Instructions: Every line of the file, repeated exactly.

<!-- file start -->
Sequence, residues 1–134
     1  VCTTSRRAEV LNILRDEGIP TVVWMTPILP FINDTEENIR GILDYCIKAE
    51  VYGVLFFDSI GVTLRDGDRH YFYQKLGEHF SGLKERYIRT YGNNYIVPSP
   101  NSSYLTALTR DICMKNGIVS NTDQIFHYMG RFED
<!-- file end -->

Sequence, residues 1–134
     1  VCTTSRRAEV LNILRDEGIP TVVWMTPILP FINDTEENIR GILDYCIKAE
    51  VYGVLFFDSI GVTLRDGDRH YFYQKLGEHF SGLKERYIRT YGNNYIVPSP
   101  NSSYLTALTR DICMKNGIVS NTDQIFHYMG RFED